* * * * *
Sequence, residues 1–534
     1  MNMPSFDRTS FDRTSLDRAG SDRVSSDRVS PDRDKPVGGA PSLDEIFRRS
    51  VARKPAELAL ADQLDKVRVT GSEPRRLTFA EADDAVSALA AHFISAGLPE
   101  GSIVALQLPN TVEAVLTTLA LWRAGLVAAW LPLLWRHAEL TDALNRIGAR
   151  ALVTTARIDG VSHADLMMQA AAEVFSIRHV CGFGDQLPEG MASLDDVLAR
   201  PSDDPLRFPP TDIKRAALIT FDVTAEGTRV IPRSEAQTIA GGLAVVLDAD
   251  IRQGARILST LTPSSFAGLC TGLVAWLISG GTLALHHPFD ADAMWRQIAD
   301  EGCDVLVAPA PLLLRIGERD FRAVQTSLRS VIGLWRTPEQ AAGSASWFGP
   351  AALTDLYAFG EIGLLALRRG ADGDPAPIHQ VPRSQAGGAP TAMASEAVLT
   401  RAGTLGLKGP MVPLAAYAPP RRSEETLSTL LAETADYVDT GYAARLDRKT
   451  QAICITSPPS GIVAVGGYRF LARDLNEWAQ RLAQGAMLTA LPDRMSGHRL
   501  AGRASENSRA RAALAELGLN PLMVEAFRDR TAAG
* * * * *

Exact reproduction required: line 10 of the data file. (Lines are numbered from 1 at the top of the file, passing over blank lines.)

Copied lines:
   401  RAGTLGLKGP MVPLAAYAPP RRSEETLSTL LAETADYVDT GYAARLDRKT